Why the Kurbo controversy matters

An app, licensed by Weight Watchers, promises to help overweight children shed pounds. But the questionable evidence, and potential for harm, is a reminder of the complexity of childhood obesity.

By Amitha Kalaichandran, M.D. — Aug 19, 2019

Last week, the organization formerly known as Weight Watchers (now branded as “WW”) announced they were launching a ‘diet app for kids,’ called Kurbo. Everyone from celebrities like Jameela Jamil, who has been open about her own weight struggles, to dieticians, piped in with concerns. Soon enough, even parents expressed dismay and the National Eating Disorders Association (NEDA) released a statement warning about the risks of using the app. Then, over the weekend a petition on Change.org gained ground. As of this writing, they are close to 80,000 signatures.

Obesity affects one in six children in the US and 41 million globally. Kurbo was founded several years ago by an earnest entrepreneur and promises to be a convenient ‘weight management coach in your pocket’ for kids. It has also been marketed as a gamification of a reputable ‘analog’ pediatrics weight management program.

In my view, there are three considerable problems with Kurbo that are difficult to reconcile.

The first issue is that, even though Kurbo claims it’s backed by science, this is stretch. As a general rule, if a company says that their product is backed by ‘science’ or ‘evidence,’ and they don’t clearly support this statement with robust peer-reviewed literature, those claims should raise eyebrows. In this case, Kurbo doesn’t list any peer-reviewed articles on their site.

The evidence simply isn’t there. The behavioural science in adults shows that consistency of tracking can be an issue due to poor adherence; one of the best trials looking at mobile technology for weight loss in young adults found that changes weren’t sustained at 18 and 24 months after.

In kids specifically, there is very limited research for weight management apps. I could only find one small systematic review, that was of poor quality and limited in its conclusions. A pilot study that followed girls aged 9–14 found a small change in weight, but the follow-up period was limited to only three months. Another study, using an app with a wearable, found no significant impact on weight loss in children. All of these findings are complicated by publication bias and reproducibility: it’s harder to publish results that show ‘no difference’ and tough to replicate studies in order to show consistent results. Six years ago, a published analysis pointed out several issues with pediatric apps for weight loss, namely that most young kids don’t have their own phone, and the guidelines isn’t evidence-based. As well, as a recent scoping review found, many app companies don’t involve collaborators with the right scientific expertise, and as a result, they end up with a product that lacks evidence, and thus one with very limited impact.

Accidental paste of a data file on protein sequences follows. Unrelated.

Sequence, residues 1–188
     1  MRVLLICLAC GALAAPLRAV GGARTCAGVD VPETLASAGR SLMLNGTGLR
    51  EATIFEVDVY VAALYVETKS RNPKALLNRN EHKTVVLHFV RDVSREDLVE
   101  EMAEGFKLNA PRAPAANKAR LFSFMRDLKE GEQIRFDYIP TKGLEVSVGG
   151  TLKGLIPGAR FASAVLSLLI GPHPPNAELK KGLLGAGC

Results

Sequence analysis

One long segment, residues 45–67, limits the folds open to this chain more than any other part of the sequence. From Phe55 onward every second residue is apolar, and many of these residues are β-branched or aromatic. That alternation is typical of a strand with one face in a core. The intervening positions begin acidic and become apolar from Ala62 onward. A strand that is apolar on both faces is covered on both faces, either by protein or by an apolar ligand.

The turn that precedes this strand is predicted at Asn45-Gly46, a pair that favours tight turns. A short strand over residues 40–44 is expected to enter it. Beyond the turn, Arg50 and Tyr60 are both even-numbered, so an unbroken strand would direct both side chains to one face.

Kurbo’s own research isn’t readily found in the peer reviewed literature, though a summary was presented in abstract form (with the founder as the sole author). Very recently, however, an article reported that the app wasn’t effective, likely due to adherence issues. It’s possible that the ‘science-backed’ claims of Kurbo were extrapolated from the pediatric weight management program they had hoped to gamify, and not the app itself. Yet, any time an analog program is translated into an app, there are significant changes — it’s like taking a medication from the lab or clinical trial and transporting it directly to the bedside: real life variables get in the way which impact the measurable results. The most concerning factor here is the tracking component which uses a traffic light system (an approach that also has inconsistent evidence), which may lead to children becoming hyperfocused on tracking.